A Study in Meh: Lasagna-Style Baked Pennette with Meat Sauce

I’ve been obsessed with lasagna my entire life. It’s safe to say that I’ve eaten and cooked thousands of variations.

Yes, thousands. I’m dedicated.

I found this recipe for Lasagna-Style Baked Pennette on Food & Wine magazine years ago, back when I was still a subscriber and an omnivore.  Apparently I was less discerning then because all I needed was to see the word “lasagna” and that meant I was going to cook it.

A lasagna, it ain’t.

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Spaghetti & Meatballs: Top 25 Vegetarian Weeknight Meals

Spaghetti and meatballs fall into the category of “discomfort” cooking. This one-pot meal itself is comforting and everyone loves to eat it, but the cooking process involves extra steps like shaping meatballs into pleasing sphere shapes and then cooking them in the best way possible–bake, fry, cook them directly in the sauce–hoping that they maintain their spherical shape during the cooking process otherwise the dish will look ridiculous and all that hard work is for naught. Meanwhile, you still have to make a delicious sauce and cook spaghetti and then clean up your kitchen but you have to hurry because the dish still needs to be hot when you serve it–

And then you decide, screw it, I’ll just make goulash.

Here on AwK, we’re no strangers to meatballs (Barefoot Contessa & James Beard = Love 4 Ever, Mini Meatball Heroes, and that time Citizen Chef baked an entire lasagna made of meatballs and forgot to take pictures) so we understand the struggle. Though the end result is a one-pot meal, it takes a bit to get there.

Unless you’re a vegetarian and you can whip up your meatless meatballs in a mere five minutes via a food processor.

Spaghetti & Meatballs
Be-cause that’s the way (uh huh, uh huh) we like it (uh huh, uh huh)!

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dinner plate with a baked chicken breast and some roasted broccoli

Baked Chicken and Broccoli

I like to try at least one new recipe every week.  As an experiment, I decided to try making a post about the experience.  I had fun doing it.

This week, I tried roasted broccoli using a technique I found in The Homestead Kitchen, a cookbook written by my friend Heather Jackson.  I knew the Jacksons for nearly three years before I found out she had written a book.  I ordered it and it’s awesome.  It’s mostly comfort food, and a few that I can’t wait to try for a special occasion. There are also some delicious-looking healthy options like this roasted broccoli, too.  Usually, my house eats light, so I made a roast chicken to pair the broccoli with and I thought I’d throw the recipe for that in, too.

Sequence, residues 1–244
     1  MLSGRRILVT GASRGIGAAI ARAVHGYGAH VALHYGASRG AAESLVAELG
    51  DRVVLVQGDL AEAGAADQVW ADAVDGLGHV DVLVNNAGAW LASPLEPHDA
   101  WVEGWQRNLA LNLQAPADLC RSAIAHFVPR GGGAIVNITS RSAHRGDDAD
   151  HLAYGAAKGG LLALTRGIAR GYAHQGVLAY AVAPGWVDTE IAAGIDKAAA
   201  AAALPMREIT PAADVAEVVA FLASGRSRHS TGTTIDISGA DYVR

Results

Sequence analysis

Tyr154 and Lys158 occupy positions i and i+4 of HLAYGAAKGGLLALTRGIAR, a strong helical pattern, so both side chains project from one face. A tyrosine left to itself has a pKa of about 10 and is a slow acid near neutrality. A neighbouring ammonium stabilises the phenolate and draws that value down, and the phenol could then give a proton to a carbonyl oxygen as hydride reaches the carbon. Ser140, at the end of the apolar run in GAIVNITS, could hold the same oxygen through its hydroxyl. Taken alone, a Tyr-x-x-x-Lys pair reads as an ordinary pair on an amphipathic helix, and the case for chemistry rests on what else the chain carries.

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Chicken Pot Pie with Savory Crumble Topping

My schedule ended up being a little off this week since my evenings have been hectic, which is why the Monday/Thursday update was interrupted. Next week we will be returning to our regularly scheduled program. I promise.

In the meantime, I wanted to revisit the potluck discussion we touched on last week. Best potluck main dishes — what are they?

When my mom and I were discussing potluck dishes, the chili wasn’t the only one that sprang to mind. I also thought of this Chicken Pot Pie recipe that was recently published from, of course, Cook’s Illustrated.

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Bobby Flay’s Throwdown Sloppy Joes, aka Neat Joes

A couple of months ago I mentioned that I had fallen in love with Bobby Flay’s Southwestern style. His smoky flavors and love of chiles spruced up with tangy ingredients are appropriate for the summer season and, since I’ve failed utterly at making some of his more artful dishes (that require a certain finesse I do not possess) I took a trip over to his website and found a recipe from his Throwdown series: Sloppy Joes.

The premise of the TV series goes like this: Bobby finds some dude or chick who allegedly makes the best of something. Bobby and his team of assistants then come up with their own version, arrive on the scene with a camera crew, and do a big cookoff (aka a “throwdown”) to see who makes the better dish. Kind of like West Side Story, but with cooking. (When you’re a Flay, you’re a Flay all the way, from your first poblano to your last dyin’ day?) Typically the dishes are really fun, homespun foods like spaghetti, lasagna, cookies, mac and cheese, the kind of food any American could get behind, and you can find the recipes either at the Food Network website or on Bobby Flay’s website.

I didn’t see the sloppy joe throwdown on television, but it looked good when I was perusing his website. Bobby’s version is actually called “Neat Joes” because they’re more of an open-faced sandwich set atop toasted, garlic-butter-smothered sourdough bread. My bread was cut into very thick slices so I could just pick it up with my hand and shovel it into my mouth, rather than negotiating with a fork. This format also makes it a great option for picnic food. Serve with some red wine and you’ve got a winner. And you’ll have to forgive the photos — it’s not easy taking a refined photograph of a sloppy joe.